Also read on KARNATIQUE:
Blasts: why do they keep happening?
Good move by Orissa. Yeddy, are you listening?
Good move by Maharashtra. Yeddy, are you listening?

Read on ENGURU:
ಮುಂಬೈ: ಬಿದ್ದುದನು ನಿಲ್ಲಿಪುದೆ ನರನ ಮೃತ್ಯುಂಜಯತೆ

Good move by Orissa. Yeddy, are you listening?

It's the turn of Orissa now. Orissa Chief minister Naveen Patnaik too has finally realized that the state cannot give up internal employment opportunities to non-Oriya people. This is again a right move by an Indian state. Orissa is the second state, after Maharashtra, to announce this. We'd like to see similar declarations by every Indian state:

Following the footsteps of Maharashtra, the Orissa government on Tuesday decided to reserve jobs for locals in the upcoming industries in the state.

In the semi-skilled and unskilled category, the reservation will be 90 per cent. In the jobs requiring skilled man power, at least 60 per cent vacancies will be filled up by the locals. Maharashtra last week had announced reservation of 80 per cent jobs for locals in the industries operating in that state.

Similarly, a minimum 30 percent of the supervisor and managerial posts will be filled up from locals, though the appointment of senior executives will be on the basis of merit.

The question now is - would the BIMARU states have the guts to make similar moves? Do they have anything to secure for their citizens? Or would they continue to play the "we're Indians of a greater God because we're Hindians, so we've got the right to snatch jobs from lesser Indians all over India" card? No marks for guessing this.

What about you, Mr. Yeddyurappa? Two of your peers have realized why they've been voted to power. Don't you think it's time you do equally well in the class? Or do you want to wait until you have orders from the Advanis and Vajpayees in New Delhi? Do you realize that it's all the more dangerous if states around Karnataka keep enacting laws protecting employment for their citizens while the bulb doesn't glow in your cabinet? Do you realize that nobody is talking about preventing their citizens from migrating to Karnataka? It's only Kannadigas who are being prevented from going to their states. Get the point? No? Repeat this lesson.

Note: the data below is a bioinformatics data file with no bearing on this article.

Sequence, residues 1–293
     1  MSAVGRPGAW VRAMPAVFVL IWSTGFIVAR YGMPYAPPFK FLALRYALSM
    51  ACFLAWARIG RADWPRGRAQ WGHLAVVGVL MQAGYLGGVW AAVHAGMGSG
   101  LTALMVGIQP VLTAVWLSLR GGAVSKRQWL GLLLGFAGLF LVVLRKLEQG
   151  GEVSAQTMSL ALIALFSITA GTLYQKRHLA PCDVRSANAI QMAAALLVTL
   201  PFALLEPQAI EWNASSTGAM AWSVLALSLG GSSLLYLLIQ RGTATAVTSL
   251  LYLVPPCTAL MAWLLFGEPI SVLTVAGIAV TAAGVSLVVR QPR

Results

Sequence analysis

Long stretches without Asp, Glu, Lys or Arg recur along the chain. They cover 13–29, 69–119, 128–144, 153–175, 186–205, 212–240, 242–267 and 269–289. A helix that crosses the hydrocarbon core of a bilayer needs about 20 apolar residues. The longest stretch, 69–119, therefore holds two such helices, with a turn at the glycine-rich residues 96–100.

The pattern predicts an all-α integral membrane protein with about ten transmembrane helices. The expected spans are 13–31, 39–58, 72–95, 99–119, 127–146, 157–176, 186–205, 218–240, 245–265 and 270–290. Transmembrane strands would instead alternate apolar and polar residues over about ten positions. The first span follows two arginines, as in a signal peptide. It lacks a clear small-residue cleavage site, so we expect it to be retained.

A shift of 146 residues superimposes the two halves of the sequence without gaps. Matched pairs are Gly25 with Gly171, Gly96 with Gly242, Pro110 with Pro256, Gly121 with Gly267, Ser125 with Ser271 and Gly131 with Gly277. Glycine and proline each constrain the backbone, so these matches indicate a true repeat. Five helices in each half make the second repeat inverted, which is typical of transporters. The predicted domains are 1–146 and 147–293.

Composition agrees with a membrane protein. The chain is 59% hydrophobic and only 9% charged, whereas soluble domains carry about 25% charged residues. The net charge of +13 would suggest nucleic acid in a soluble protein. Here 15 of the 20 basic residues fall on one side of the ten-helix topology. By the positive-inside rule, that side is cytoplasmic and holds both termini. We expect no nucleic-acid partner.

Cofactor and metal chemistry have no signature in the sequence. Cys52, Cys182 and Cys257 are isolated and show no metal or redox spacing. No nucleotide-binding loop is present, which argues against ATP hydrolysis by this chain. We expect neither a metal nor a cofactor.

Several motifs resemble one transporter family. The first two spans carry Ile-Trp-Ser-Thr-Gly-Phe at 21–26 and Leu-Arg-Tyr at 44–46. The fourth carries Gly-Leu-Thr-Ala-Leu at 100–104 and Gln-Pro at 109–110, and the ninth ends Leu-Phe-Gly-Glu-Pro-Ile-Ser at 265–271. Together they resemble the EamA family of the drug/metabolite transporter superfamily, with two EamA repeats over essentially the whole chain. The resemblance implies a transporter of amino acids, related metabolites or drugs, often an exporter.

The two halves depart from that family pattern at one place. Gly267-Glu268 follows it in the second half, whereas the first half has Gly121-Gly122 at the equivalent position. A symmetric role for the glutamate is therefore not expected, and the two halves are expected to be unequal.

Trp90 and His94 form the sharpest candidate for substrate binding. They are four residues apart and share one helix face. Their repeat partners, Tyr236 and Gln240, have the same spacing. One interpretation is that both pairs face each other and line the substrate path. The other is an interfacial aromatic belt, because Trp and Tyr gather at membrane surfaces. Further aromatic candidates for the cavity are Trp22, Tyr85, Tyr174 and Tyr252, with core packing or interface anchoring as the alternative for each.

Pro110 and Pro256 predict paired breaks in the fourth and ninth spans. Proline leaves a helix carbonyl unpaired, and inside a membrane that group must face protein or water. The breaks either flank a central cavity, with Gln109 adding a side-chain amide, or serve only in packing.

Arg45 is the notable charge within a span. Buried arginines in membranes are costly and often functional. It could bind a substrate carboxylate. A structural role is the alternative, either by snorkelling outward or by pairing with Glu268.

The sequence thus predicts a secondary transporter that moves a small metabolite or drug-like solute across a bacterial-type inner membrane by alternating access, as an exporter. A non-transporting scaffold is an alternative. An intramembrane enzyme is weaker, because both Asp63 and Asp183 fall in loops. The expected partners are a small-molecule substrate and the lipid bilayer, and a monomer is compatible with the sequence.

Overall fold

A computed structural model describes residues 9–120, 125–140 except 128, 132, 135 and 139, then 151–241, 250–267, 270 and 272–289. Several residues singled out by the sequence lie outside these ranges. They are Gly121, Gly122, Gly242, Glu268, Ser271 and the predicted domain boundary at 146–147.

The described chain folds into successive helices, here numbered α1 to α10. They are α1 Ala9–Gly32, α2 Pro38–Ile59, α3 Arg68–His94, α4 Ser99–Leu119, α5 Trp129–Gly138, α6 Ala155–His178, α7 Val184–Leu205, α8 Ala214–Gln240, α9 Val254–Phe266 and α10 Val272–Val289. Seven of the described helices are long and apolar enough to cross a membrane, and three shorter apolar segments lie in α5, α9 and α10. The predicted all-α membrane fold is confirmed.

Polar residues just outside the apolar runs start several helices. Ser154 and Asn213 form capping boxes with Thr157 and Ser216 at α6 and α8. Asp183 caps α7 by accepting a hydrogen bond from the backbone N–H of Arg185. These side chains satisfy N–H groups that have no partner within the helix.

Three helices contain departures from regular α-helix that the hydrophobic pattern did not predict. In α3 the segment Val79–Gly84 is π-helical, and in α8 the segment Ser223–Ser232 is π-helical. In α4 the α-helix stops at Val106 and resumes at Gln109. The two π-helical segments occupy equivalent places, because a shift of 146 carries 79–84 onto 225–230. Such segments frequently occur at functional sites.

Also read: Good move by Maharashtra. Yeddy, are you listening?

And Now, Ladies, Hampi Silk

Talking about refurbishing the ruins of Hampi, the KSIC has gone one step further in bringing the wonderful Hampi architecture to silk. Reports the Times of India yesterday:
The breathtaking beauty of the stones of Hampi, and the magic of the sculptures at Belur and Halebedu -- brought alive on the drapes of a traditional Mysore silk saree. The latest collection unveiled by Karnataka Silk Industries Corporation on Tuesday showcased designs of city-based Deepika Govind in the 'colour threads from Hampi and Belur' line.

Govind derived her inspiration from the architecture at Hampi, Belur and Halebedu. She designed the collection without tampering with the purity of the silk fabric. The ornaments from sculptures at all the three places translated into beautiful borders and exquisite pallu designs. The colours are largely monotone -- yellows, flaming reds -- with embroidery and interesting combinations.
In a rare display of "more Hampi", we hear minister Shobha Karandalaje making the following welcome remark:
Rural development minister Shobha Karandalaje said the challenge ahead was to take the sarees to an international market. Karnataka supplies 70 per cent of the country's silk requirements. She promised 25 per cent subsidy for power looms for the silk industry.
Indeed, our sarees should go global. Why not? But just as going global does not mean printing the Statue of Liberty instead of architecture from the Virupaksha Devasthana or Mahanavami Dibba, going global does not necessitate hiding Kannada from ad campaigns and websites (as if it's an embarassment to display our language), by doing which the KSIC has earned much of the wrath of Kannadigas.

Photo courtesy: mangalorean.com. For the full TOI report visit: Weaving Hampi, Belur magic onto sarees.

Sanskrit Univ: BJP's facade of righteousness?

What do you do if you have Rs. 200 crores in your hands? Well, the govt. of Karnataka has earmarked that sum to refurbish Hampi and build a Sanskrit University. Reports the DNA today: